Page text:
ATLANTA - Matt Wieters sat as far away as possible from "the wall" in Georgia Tech's players' lounge, as if anticipating the obvious question.
So, Matt, do you belong among the best players in Yellow Jackets baseball history?
Wieters just looks up and shrugs. "The wall" features photos of Georgia Tech's major leaguers. They include Jason Varitek, Mark Teixeira, Jay Payton and Nomar Garciaparra - four hitters Wieters, just a 20-year-old sophomore, is constantly compared to, even by his coach.
"He's right there with them," Danny Hall said. "There are guys, and there are special guys. And he's a special guy."
Wieters has many specialties. He leads Georgia Tech into this weekend's super regional series against College of Charleston as the team's top hitter, its closer and the starting catcher.
He is, in the words of Vanderbilt coach Tim Corbin, an "All-American" and a "major leaguer."
"He's like a pro hitter," Corbin said. "He's not going to chase, and when he does get the pitch he wants, he hits it. ... He can shed the (catching) equipment, toe the brick and throw 95 (mph)."
Wieters' numbers show he could become the best player in Georgia Tech history. If he plays four years for the Yellow Jackets and continues at his current pace, he would break Varitek's RBI mark and Jim Poole's saves record. His batting average would rank among the top 15 and his ERA would be in the top 10.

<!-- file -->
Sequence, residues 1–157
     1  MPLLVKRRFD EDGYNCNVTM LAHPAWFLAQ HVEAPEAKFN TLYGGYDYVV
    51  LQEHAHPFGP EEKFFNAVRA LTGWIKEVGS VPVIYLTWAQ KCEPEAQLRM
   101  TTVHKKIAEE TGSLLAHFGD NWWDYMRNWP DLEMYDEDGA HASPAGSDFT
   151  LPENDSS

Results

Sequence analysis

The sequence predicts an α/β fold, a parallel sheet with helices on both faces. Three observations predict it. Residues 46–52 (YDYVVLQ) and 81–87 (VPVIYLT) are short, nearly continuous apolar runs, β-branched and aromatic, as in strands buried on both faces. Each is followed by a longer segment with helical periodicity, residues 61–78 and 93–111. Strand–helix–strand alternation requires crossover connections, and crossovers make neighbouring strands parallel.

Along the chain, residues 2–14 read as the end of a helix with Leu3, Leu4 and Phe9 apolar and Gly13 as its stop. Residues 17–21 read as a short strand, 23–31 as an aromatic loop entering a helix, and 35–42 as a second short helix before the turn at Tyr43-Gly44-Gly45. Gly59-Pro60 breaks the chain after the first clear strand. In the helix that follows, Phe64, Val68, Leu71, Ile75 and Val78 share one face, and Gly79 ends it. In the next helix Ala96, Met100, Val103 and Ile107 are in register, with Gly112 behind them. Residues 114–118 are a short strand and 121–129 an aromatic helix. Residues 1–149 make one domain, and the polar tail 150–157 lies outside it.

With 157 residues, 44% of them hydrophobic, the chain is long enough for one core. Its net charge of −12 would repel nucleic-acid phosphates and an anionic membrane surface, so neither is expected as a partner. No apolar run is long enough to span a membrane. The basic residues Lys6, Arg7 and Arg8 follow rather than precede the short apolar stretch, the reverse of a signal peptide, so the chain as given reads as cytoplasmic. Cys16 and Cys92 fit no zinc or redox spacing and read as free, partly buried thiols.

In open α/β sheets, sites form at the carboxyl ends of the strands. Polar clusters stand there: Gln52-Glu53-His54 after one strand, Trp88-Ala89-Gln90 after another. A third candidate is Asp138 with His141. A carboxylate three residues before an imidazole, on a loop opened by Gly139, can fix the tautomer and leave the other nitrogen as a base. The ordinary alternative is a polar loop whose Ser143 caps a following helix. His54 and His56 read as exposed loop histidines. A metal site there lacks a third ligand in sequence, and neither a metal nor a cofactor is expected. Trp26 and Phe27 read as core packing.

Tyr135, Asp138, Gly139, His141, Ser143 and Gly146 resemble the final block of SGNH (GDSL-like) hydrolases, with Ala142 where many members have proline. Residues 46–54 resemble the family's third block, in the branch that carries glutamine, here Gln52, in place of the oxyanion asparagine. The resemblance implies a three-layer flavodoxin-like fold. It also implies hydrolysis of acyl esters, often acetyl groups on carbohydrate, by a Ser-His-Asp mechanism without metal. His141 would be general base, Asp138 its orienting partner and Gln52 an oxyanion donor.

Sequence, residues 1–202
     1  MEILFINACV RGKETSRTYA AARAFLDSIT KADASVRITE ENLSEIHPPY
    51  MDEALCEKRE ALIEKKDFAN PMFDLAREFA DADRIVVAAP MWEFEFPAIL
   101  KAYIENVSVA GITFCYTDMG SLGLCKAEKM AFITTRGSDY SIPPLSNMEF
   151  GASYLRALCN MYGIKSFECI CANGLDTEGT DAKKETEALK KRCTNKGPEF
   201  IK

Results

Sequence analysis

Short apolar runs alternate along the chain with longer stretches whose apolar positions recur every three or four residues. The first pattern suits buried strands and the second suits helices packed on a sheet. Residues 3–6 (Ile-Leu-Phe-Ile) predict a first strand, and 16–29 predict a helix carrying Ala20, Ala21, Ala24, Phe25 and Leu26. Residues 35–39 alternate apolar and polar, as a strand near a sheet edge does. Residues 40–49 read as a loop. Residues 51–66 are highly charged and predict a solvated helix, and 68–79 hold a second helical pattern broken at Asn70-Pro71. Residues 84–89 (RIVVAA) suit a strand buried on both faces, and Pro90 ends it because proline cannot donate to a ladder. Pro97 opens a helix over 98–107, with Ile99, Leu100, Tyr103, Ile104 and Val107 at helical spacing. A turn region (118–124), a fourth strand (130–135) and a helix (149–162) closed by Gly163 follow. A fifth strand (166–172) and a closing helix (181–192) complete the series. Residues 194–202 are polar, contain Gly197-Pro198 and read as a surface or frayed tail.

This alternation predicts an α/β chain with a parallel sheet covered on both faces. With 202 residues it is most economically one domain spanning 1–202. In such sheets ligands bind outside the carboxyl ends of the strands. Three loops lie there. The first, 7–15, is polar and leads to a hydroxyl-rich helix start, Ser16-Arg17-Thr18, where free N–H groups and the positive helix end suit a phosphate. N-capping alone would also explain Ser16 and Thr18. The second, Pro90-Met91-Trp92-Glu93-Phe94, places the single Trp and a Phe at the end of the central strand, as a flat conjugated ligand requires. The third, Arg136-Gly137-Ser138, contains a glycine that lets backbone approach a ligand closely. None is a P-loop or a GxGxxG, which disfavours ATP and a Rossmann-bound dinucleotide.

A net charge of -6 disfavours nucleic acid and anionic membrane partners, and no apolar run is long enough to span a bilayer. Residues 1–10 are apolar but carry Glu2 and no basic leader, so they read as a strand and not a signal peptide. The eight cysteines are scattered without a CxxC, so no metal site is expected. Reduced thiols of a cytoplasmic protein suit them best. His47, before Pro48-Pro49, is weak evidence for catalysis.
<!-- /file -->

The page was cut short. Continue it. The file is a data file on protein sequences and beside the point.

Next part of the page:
He is unlikely to make it to his senior year, though. He is projected as a first-round pick in next June's draft.
Teammate Jeff Kindel said Wieters is the best hitter he has played with at Georgia Tech, which includes as many as four players destined for "the wall": All-Americans Micah Owings, Eric Patterson and Tyler Greene and slugger Matt Murton.
"I can't compare him to any hitter I've played with," said Kindel, a fifth-year senior. "Something about him makes him a little better than those guys. I couldn't tell you what it is."
It starts with genetics. Wieters' father, Richard, played college ball at The Citadel and spent several years pitching in the minor leagues with the White Sox and Braves organizations.
Richard threw heat but lacked a breaking ball and never made it past Class AA. He retired from baseball before Matt's older sister, Rebecca, was born.
"He always said he was more of a thrower on the mound and a swinger at the plate," Wieters said of his dad. "That's why he says he doesn't know how I got my eye at the plate or the control I have on my pitches."
Richard Wieters coached his son throughout his youth league career. When Matt went through a mini-slump earlier this year, hitting coach Josh Holliday called Richard for advice.
He told Holliday that Matt needed to shorten his swing. Matt has raised his average 64 points since April 1, from .296 to .360. He is hitting .417 with five home runs this postseason and reached base 14 times in 15 at-bats in last weekend's NCAA regional.
Reach Adam Van Brimmer at (404) 589-8424 or email@example.com.
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